Hong Kong Students Denied Entry to China

November 15, 2014 Updated: November 15, 2014

HONG KONG—Three student representatives that intended to fly to Beijing to present their case for greater democracy to the Chinese Communist Party were turned away at the Hong Kong airport on Saturday.

Alex Chow, the secretary general of the Hong Kong Federation of Students, and his deputies Eason Chung and Nathan Law, had planned to make the trip to Beijing for at least a week. They chose to delay the journey until after the APEC meetings in the Chinese capital were concluded on Nov. 11, and tried to secure a middleman, trusted by the Communist Party, to broker their visit.

It appeared that no takers came forward to act as intermediary, and Chinese officials had no intention of meeting them—or even letting them onto the plane.

A crowd of close to one hundred, plus police, gathered at the airport to watch the scene as the students were turned away from the gate. Those who came in support stood in a line with their yellow umbrellas and signs saying “I want universal suffrage.”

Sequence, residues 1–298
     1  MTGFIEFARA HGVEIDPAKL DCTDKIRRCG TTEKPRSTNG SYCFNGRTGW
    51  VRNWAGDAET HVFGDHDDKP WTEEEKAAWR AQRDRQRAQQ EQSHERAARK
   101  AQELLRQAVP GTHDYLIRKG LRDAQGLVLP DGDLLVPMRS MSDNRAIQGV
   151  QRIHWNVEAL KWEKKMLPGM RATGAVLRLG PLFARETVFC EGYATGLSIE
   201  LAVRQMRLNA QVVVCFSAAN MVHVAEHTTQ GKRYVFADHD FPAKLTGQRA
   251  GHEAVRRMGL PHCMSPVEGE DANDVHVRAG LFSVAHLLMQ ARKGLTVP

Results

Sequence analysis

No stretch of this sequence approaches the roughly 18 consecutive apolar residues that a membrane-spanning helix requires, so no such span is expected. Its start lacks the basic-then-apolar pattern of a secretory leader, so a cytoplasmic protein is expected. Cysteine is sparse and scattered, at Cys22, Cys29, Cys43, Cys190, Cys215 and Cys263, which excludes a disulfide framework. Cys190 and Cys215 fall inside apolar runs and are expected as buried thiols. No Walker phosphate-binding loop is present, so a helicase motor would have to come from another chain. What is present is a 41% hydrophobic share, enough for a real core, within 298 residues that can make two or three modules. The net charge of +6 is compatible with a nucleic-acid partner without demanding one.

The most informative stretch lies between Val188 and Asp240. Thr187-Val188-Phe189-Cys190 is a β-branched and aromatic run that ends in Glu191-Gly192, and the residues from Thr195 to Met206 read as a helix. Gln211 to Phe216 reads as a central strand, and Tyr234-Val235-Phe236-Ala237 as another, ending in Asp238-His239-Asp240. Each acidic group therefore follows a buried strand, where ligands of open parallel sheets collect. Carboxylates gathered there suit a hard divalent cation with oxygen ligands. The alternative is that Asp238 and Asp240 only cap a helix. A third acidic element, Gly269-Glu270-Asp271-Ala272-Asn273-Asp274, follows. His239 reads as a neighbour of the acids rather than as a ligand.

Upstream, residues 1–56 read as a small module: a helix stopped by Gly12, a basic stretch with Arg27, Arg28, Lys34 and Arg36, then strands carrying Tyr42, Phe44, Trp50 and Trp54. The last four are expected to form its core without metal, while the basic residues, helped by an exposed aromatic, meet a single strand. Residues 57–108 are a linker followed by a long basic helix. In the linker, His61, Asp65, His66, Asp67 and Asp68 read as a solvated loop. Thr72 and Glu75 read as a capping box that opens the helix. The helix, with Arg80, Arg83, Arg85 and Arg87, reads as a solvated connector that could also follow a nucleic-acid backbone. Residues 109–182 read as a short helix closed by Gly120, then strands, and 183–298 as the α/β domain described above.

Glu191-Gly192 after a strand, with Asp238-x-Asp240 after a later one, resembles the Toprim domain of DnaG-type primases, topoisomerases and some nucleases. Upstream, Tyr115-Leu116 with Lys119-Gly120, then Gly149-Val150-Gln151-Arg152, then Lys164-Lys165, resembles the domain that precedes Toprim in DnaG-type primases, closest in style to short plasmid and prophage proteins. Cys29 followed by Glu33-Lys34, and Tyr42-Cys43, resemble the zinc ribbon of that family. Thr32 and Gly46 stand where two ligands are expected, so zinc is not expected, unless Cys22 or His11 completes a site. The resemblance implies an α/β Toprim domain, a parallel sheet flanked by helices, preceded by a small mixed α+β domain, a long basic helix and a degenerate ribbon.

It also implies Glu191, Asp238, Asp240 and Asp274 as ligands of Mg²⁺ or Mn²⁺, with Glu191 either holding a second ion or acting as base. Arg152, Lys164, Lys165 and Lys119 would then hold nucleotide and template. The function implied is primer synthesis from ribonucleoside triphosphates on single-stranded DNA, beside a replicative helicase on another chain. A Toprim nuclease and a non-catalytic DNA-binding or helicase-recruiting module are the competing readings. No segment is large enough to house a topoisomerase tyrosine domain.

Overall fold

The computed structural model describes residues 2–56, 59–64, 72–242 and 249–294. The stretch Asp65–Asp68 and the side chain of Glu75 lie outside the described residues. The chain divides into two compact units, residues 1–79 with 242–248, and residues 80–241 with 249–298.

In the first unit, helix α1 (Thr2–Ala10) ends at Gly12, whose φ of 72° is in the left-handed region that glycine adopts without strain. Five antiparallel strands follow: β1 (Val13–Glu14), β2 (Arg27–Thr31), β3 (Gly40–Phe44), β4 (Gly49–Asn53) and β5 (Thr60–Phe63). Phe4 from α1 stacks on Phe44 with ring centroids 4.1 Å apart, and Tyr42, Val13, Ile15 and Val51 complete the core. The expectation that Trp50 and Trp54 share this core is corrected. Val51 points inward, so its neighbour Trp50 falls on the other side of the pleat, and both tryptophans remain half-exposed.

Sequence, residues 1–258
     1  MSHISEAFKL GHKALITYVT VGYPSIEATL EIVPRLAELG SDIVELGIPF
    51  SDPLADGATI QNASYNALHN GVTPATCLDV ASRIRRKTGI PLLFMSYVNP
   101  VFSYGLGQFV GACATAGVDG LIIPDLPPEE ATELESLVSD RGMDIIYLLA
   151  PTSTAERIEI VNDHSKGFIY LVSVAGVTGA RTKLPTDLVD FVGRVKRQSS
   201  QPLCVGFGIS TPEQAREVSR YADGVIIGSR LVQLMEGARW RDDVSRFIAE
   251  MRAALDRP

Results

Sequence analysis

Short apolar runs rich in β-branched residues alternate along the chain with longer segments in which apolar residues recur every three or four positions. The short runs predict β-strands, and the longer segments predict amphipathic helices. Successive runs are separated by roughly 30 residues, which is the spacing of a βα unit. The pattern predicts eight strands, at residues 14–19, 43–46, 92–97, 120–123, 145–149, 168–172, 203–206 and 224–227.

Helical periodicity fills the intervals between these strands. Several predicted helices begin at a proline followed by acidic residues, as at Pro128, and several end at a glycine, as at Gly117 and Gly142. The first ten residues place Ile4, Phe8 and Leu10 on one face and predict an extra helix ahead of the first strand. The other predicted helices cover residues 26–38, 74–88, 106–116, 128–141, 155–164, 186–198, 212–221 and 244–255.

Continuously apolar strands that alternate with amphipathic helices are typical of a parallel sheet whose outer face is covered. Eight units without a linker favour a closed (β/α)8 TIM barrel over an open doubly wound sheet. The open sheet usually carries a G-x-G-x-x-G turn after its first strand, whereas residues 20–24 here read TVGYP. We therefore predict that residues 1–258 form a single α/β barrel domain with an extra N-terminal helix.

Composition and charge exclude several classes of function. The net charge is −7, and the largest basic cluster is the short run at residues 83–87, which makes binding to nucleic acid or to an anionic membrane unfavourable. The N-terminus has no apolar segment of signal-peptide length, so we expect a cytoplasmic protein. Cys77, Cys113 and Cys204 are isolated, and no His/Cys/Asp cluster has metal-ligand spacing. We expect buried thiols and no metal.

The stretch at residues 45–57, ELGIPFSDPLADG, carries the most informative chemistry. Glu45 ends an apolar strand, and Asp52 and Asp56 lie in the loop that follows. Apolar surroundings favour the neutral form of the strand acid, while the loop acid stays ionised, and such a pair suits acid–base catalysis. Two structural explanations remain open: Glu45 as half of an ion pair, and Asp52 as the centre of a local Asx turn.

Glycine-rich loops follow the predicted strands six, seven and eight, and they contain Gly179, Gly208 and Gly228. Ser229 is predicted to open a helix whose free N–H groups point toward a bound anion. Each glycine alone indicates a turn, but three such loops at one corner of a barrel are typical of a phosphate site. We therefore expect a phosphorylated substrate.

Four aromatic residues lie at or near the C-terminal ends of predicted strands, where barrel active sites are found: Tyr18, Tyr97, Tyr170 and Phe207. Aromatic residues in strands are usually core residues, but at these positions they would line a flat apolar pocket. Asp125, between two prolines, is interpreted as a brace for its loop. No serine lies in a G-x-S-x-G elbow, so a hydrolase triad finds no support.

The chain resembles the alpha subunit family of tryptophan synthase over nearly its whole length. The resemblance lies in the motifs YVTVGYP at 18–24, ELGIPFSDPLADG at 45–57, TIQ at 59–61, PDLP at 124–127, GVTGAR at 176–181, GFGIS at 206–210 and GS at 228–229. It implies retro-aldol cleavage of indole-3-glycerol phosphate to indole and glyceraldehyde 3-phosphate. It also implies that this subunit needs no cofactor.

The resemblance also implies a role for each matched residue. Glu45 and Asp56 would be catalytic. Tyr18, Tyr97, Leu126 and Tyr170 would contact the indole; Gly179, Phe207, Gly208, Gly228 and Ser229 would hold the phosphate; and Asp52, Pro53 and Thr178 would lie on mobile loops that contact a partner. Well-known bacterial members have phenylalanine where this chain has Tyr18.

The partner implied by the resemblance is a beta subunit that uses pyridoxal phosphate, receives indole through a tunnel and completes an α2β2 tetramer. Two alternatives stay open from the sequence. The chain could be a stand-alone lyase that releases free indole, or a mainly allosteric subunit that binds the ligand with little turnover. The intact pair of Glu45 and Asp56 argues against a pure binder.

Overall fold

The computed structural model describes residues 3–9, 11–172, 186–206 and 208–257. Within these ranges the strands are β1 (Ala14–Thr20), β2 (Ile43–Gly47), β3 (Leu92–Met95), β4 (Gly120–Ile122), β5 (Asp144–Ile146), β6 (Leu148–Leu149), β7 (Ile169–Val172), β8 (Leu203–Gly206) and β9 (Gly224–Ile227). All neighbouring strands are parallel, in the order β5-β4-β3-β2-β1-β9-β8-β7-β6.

“We just received notification from the relevant agency inside China that your entry permit has been refused,” a man, apparently associated with Cathay Pacific, their carrier, was quoted saying on TVB News, a local Hong Kong station.

The Chinese Communist Party’s Public Security Bureau controls the entry and exit administration.

Tens of thousands of Hong Kong citizens, mostly young people and students, have taken over key roads around government offices for six weeks now, expressing frustration at attempts by central Chinese authorities to limit the democratic process in Hong Kong.